Dark day that shone bright light on police
By Jessica Anjalo
| July 27th 2016
There are a lot of bad police officers in Kenya today, but there are a whole lot of good ones too.
Growing up, I was always intimidated by the mere sight of the boys in blue. I had been socialised into believing that they were agents of torture driven by their greed for ‘kitu kidogo’ (bribes). I would avoid eye contact and hasten my footsteps for fear of being arbitrarily rounded up and bundled into their vehicle for no other reason than daring to be on the same street that they were patrolling.
That was until December 24, 2001. This was the day that my father was to travel back to Nairobi from a trip upcountry.
I remember it was a bright day, very hot in fact, and schools were closed as everyone anticipated Christmas. Everyone but my siblings and I.
There seemed to be an air of anxiety and an unshakeable feeling of impending doom. We could not quite put our finger on it but we would later find out why.
It was 9pm and as I settled to watch the news on television, my elder sister told me she had been trying to reach our father on his phone but there was no response. My mother, who was still at work at that moment, was also trying to reach him but in vain.
A few moments later, the news anchor started reading the headlines. It was then that we saw my father’s car on the screen. It had been reduced to a mangled wreck.
Right then and there, my whole world seemed to stop.
The events that took place afterwards were all a blur to me but I later got to know the details about what really happened that day.
The last person my father spoke to was my mother. He called her at around 3pm and informed her that he was at Burnt Forest, on his way to Nairobi.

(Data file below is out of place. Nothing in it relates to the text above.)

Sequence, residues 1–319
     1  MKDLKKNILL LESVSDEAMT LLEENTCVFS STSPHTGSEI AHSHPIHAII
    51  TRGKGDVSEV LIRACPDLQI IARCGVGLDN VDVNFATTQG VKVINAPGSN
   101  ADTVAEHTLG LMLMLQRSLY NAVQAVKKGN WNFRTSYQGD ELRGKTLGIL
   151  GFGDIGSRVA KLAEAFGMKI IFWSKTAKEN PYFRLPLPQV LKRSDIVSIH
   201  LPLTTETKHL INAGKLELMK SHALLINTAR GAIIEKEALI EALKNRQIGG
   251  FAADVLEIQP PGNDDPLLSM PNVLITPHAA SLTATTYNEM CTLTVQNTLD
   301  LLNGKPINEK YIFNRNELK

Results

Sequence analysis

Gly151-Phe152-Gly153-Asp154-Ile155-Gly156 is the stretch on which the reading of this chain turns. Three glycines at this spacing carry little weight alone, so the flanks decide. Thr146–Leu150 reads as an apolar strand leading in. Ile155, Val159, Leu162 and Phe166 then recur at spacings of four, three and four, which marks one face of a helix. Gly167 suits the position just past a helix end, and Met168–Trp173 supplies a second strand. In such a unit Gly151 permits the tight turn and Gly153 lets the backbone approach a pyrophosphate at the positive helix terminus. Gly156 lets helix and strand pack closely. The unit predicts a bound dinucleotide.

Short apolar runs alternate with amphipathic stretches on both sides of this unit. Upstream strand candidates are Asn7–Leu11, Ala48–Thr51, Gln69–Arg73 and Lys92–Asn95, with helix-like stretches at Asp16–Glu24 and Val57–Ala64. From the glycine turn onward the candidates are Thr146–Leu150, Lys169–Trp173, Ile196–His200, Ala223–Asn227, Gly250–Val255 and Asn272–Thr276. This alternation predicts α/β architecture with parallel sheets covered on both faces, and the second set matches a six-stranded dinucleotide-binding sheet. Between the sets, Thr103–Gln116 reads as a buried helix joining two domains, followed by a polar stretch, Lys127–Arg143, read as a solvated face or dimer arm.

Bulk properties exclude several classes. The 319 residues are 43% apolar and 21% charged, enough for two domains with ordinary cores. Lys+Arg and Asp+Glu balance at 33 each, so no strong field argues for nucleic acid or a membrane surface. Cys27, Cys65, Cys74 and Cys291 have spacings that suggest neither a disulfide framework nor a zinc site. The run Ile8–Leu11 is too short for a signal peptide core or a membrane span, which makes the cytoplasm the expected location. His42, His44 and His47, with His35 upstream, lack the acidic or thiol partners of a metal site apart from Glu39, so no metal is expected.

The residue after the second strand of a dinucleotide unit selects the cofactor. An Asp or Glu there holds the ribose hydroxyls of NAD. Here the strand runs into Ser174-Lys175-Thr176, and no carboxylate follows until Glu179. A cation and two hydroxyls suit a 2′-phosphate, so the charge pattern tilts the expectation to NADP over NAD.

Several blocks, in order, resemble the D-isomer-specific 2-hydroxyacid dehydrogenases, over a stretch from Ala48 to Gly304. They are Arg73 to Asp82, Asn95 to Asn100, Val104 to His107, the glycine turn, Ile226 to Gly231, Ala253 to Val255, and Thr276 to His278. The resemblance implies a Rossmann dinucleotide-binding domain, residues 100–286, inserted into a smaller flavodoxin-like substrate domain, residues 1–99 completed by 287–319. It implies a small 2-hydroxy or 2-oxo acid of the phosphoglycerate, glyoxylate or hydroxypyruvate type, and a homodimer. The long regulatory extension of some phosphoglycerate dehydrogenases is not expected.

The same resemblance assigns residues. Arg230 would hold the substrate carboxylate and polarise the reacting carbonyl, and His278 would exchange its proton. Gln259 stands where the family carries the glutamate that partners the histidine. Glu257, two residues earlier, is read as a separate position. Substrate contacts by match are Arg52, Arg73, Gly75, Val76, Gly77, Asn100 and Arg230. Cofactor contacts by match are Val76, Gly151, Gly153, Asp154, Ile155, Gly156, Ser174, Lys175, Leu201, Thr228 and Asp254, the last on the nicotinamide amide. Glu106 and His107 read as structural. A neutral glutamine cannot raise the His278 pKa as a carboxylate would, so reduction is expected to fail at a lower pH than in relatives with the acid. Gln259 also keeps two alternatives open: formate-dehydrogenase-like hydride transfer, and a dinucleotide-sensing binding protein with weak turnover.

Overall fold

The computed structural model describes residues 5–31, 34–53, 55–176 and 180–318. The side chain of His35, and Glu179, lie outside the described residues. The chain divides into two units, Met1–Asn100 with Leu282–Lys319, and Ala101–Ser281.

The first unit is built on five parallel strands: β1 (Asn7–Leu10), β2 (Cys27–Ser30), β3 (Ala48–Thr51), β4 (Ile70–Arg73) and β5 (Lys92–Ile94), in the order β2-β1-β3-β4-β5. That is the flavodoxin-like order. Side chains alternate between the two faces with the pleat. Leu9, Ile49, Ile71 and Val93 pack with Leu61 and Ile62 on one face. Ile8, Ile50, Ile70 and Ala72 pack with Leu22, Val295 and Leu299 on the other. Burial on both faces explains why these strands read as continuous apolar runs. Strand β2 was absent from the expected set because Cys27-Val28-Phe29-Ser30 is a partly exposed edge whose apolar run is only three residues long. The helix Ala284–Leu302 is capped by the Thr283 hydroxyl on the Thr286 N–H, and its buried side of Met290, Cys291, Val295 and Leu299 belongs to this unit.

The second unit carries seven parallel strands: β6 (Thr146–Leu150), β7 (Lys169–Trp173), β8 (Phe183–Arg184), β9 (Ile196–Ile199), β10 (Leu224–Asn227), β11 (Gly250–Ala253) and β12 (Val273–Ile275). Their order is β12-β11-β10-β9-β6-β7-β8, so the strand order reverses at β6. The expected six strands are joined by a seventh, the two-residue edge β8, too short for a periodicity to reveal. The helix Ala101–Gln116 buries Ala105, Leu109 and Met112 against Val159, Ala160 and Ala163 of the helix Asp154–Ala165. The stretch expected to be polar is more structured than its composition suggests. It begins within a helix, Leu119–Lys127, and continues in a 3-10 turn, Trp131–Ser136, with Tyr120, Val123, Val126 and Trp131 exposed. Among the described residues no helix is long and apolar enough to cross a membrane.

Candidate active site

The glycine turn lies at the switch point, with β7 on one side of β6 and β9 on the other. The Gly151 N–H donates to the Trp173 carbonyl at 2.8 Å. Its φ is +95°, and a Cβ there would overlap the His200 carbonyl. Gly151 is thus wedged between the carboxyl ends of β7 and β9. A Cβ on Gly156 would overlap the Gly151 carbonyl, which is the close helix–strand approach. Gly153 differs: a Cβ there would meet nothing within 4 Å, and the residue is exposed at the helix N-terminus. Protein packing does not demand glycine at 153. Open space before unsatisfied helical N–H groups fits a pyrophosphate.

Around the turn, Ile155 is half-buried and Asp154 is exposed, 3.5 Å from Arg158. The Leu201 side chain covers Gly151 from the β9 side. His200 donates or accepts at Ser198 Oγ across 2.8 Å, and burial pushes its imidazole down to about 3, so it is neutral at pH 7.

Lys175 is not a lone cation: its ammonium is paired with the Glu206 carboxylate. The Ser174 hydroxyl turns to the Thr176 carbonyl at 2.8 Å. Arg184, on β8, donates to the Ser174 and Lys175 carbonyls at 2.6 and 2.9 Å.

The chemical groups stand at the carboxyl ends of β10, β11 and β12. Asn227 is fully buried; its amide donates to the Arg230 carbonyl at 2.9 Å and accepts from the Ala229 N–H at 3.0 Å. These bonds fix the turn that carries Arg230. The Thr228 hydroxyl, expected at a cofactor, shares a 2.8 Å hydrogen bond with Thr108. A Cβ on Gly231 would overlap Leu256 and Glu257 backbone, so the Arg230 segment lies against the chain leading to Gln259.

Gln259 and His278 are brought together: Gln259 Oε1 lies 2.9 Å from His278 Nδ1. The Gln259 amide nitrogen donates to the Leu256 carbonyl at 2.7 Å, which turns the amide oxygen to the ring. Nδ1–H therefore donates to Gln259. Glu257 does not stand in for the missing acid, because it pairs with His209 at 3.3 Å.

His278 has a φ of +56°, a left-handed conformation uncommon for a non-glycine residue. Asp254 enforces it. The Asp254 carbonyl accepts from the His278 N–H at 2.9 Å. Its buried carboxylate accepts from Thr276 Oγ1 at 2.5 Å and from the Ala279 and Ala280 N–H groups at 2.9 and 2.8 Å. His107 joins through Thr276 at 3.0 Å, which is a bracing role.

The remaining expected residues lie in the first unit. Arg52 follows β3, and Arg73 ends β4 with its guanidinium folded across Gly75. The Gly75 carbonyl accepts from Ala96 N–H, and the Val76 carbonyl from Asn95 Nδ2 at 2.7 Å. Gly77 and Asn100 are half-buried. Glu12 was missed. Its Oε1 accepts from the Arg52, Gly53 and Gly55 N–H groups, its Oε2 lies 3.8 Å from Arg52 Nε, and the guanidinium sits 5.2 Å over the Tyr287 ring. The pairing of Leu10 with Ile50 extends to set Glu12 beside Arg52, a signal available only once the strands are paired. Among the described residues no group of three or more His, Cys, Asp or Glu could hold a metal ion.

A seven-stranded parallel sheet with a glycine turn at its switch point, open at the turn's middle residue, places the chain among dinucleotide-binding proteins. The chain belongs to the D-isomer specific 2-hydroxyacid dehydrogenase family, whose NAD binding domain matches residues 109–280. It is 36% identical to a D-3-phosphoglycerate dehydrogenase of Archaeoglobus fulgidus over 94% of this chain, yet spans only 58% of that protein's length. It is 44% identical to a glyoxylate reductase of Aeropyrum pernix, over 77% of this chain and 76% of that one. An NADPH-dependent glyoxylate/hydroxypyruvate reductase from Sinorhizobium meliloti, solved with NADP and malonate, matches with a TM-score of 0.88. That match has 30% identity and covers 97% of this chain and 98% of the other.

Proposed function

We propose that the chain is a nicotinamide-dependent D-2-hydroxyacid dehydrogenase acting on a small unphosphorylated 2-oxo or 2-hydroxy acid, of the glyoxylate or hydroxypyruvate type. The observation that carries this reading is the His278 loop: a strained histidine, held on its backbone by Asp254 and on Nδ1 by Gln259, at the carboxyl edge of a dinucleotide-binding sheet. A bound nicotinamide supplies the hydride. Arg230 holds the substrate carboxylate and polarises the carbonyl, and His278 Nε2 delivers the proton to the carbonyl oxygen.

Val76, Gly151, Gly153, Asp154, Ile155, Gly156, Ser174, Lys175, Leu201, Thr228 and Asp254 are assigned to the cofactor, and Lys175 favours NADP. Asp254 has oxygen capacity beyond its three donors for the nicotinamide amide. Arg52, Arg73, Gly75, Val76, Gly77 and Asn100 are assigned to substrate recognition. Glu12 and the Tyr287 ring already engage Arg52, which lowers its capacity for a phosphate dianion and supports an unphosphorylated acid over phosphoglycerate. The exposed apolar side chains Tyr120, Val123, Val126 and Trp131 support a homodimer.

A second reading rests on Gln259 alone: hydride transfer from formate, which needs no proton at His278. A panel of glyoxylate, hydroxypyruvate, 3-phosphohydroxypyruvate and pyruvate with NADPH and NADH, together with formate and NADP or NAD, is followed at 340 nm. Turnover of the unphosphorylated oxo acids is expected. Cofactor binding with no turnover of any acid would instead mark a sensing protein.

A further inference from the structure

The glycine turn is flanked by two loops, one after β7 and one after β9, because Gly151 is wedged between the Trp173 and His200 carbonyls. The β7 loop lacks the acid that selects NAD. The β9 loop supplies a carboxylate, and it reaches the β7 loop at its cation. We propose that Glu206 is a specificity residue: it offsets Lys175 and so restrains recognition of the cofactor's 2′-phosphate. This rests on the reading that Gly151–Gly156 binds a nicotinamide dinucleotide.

As he was approaching Nakuru town, at Ngata Farm, a vehicle from the opposite side of the road lost control, veered off its course and rammed into him. My father died on the spot.
I do not know who the first people were on the scene, but I know that the Traffic Police were there.
Through my father’s phone, they contacted one of his friends.
These officers that we like to malign kept my father’s belongings safe. His documents, wallet, cash, mobile phone and even the food he was bringing home to us from our grandmother.
My father’s friends helped ensure his body was transported to Nairobi and the wreckage of his car towed to a police station. All his belongings were delivered to us.
These events might seem inconsequential or trite but to me they were instrumental in changing my perception about the Kenya Police.
There might be a few rotten apples among them but the larger majority is humane and has taken seriously their mandate to serve and protect the Kenyan public.
I would not want to imagine what the situation would have been like if they were the greedy brutes that I always imagined them to be. We would have spent days trying to trace my father’s personal documents and belongings while struggling to understand what happened to him.
Although it happened many years ago, I am still thankful and I would like to express my heartfelt appreciation to the officers who handled my late father’s incident. As well as those who gave us an impromptu escort when we were stuck in a traffic jam on Thika Road on the day of his funeral service.
May God bless the officers who are dedicated to their calling and continue to serve us.
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